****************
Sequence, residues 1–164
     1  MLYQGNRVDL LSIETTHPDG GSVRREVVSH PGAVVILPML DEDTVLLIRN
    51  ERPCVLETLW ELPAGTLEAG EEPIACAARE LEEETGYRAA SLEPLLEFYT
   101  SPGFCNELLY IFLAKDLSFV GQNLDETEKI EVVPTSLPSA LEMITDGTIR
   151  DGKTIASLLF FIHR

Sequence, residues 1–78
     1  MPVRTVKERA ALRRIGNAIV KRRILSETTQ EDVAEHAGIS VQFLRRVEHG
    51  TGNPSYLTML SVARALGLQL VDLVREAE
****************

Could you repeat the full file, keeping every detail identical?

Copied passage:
Sequence, residues 1–164
     1  MLYQGNRVDL LSIETTHPDG GSVRREVVSH PGAVVILPML DEDTVLLIRN
    51  ERPCVLETLW ELPAGTLEAG EEPIACAARE LEEETGYRAA SLEPLLEFYT
   101  SPGFCNELLY IFLAKDLSFV GQNLDETEKI EVVPTSLPSA LEMITDGTIR
   151  DGKTIASLLF FIHR

Sequence, residues 1–78
     1  MPVRTVKERA ALRRIGNAIV KRRILSETTQ EDVAEHAGIS VQFLRRVEHG
    51  TGNPSYLTML SVARALGLQL VDLVREAE